Sarah Gonzales believes the intersection of art and activism is a critical place for community survival. After years of working for Universities and non-profits doing community work and youth organizing on racial justice in Arizona, she founded her own national social justice consulting company, TruthSarita, LLC which supports building collective power to dismantle inequity. Sarah also serves as Codirector of Spoken Futures, INC developing programs including Tucson Youth Poetry Slam and Liberation Lyrics which creates space for youth to process and address issues such as the school to prison pipeline, LGBTQ rights and migrant justice through spoken word poetry. In addition to facilitation, training and youth organizing work, Sarah is an extensive haiku writer, fierce dance floor occupier and a trickster performance artist whose recent work landed her in 6th place in the Arizona US Presidential Primaries in 2012. She loves horror movies and hates peanut butter.
Alice Loy, PhD, is the Co-founder of the Global Center for Cultural Entrepreneurship and currently serves as Director of Programs. Her driving passion is applying entrepreneurship to social and cultural challenges and opportunities. Alice has lived and worked in Europe, Mexico, Central America, and Native America, researching cultural industry development and enterprise creation. Alice has designed and taught university level courses ranging from Social Entrepreneurship to Environmental Ethics. Alice holds a PhD in Strategic Communication and Entrepreneurship and an MBA. Combining sophisticated analytical tools and research to program development, Alice has led the creation of award-winning programs in social entrepreneurship, digital inclusion, and cultural entrepreneurship.
The Global Center for Cultural Entrepreneurship partners with cultural entrepreneurs, artists, creative and their communities to develop economic opportunities that complement communities’ cultural assets and heritage and respond to market opportunities. Founded in 2008, GCCE has developed award-winning programs in cultural entrepreneurship, digital inclusion, and regional cultural economy development.
James Kass is a writer, educator, producer and media maker. He is the Founder & Executive Director of Youth Speaks, and is widely credited with launching the youth spoken word movement, working with tens of thousands of young people from across the country – and helping launch over 50 programs nationwide – to help them find, develop, publicly present, and apply their voices as leaders of societal change. Creator and Co-Executive Producer of the HBO series Brave New Voices and the Peabody-nominated Brave New Voices 2010, James also created and served as the Artistic Director of the PBS series Poetic License, created the Brave New Voices International Youth Poetry Slam Festival, serves as Executive Editor of First Word Press, was a founding member of the San Francisco Poet Laureate Selection Committee, and helped launch the SF and Oakland Youth Laureate Programs. Widely published, James recently curated the poetry for the first ever White House Poetry Jam, performing in front of the First Family, and was invited to be one of the first 35 people to meet the administration’s arts action team.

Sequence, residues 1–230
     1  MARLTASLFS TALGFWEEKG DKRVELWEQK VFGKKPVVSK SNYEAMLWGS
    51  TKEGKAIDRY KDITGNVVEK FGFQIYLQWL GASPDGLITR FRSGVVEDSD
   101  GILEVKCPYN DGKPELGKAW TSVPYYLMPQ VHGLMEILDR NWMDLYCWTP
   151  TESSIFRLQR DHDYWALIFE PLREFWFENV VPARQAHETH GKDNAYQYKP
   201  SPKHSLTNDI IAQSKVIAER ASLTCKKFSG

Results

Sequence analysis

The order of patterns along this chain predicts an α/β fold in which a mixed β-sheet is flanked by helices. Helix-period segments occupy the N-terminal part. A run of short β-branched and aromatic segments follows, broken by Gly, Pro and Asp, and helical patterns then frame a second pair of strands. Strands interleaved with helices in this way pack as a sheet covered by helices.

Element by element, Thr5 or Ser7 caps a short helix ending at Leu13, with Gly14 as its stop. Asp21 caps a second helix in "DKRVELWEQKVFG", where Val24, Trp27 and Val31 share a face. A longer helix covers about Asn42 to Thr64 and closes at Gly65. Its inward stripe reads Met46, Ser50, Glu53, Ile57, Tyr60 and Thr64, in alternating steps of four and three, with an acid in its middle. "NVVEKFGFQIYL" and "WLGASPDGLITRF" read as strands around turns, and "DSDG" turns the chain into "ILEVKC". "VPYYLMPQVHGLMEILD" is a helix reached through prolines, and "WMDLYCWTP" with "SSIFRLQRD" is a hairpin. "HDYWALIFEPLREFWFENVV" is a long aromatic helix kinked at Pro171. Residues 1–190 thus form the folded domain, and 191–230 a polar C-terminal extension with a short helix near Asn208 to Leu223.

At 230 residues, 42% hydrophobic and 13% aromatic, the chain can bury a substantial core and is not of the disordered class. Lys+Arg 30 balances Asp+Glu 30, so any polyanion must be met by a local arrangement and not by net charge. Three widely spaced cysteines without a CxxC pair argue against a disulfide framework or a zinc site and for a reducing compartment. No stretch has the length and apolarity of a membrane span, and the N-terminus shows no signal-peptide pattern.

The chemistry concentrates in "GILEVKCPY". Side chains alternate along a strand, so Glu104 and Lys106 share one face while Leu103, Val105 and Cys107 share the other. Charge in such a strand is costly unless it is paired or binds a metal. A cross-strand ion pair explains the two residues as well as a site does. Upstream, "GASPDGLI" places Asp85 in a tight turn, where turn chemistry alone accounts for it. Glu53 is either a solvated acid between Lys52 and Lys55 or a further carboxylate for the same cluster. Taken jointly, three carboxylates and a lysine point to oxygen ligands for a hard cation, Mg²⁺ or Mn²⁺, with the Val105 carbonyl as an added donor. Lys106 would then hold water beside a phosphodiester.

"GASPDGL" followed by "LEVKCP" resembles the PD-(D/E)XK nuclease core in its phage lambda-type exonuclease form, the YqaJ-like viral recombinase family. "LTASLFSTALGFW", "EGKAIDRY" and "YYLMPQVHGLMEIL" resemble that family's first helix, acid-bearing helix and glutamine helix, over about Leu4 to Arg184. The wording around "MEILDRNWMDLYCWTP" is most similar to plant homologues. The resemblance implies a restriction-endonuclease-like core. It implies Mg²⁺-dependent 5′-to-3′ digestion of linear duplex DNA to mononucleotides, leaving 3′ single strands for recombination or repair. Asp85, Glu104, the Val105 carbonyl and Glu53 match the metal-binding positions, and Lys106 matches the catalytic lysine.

Chandra McCormick is a documentary photographer who chronicles the sociocultural aspects of human life. Born in New Orleans in 1957, her career background includes photography, activism, and history, which has given her a unique capability to focus on a range of subjects not commonly covered by other documentary photographers. Her dedication to the subject matter exemplifies the power of photographic storytelling. Her photographs have been included in exhibitions at the Smithsonian Institution, Brooklyn Museum of Art, Philadelphia African American Museum, Civil Rights Museum, New Orleans Museum of Art, The Peace Museum, The Nathan Cummings Foundation, New York University, Aperture Gallery and more. In addition, McCormick’s work has been published in numerous magazines and newspapers, receiving several awards from the New Orleans Press Club. McCormick, with her husband and artistic partner, Keith Calhoun, co-founded L9 Center for the Arts after Hurricane Katrina.
Jay Mead is a visual and performance artist who creates site-specific sculpture, paintings, shadow puppet shows, mosaics, mask-making and community art. He has published “A Little Farm Story” which tells the story of a year in the life of a family farm. He is currently creating a graphic novel on successfully mitigating climate change based on his shadow puppet show The Turning. He designs logos for sustainability enterprises. Jay has worked with giant puppetry for 30 years, including with Bread & Puppet and Wise Fool Puppet Intervention. He has created site specific community giant puppet performances in the U.S., Germany, the Czech Republic, and Brazil. He has taught art for 30 years from kindergarten – college. Jay is Art of Sustainability program director for the Sustainability Leaders Network. He lives with his wife and two children at the Cobb Hill Eco-village in Hartland, Vermont. www.jaymead.net
Ashley Minner is a Community Artist from Baltimore, Maryland. She holds a BFA in General Fine Art and an MFA in Community Art, which she earned at Maryland Institute College of Art. A member of the Lumbee Tribe, she has been active in the Baltimore Lumbee community for many years. She is the director and founder of the Native American After School Art Program (NAASAP). She is also the Liaison for the Native American Program (Title VII Indian Education) in Baltimore City Public Schools. Her involvement in her own community informs and inspires her work.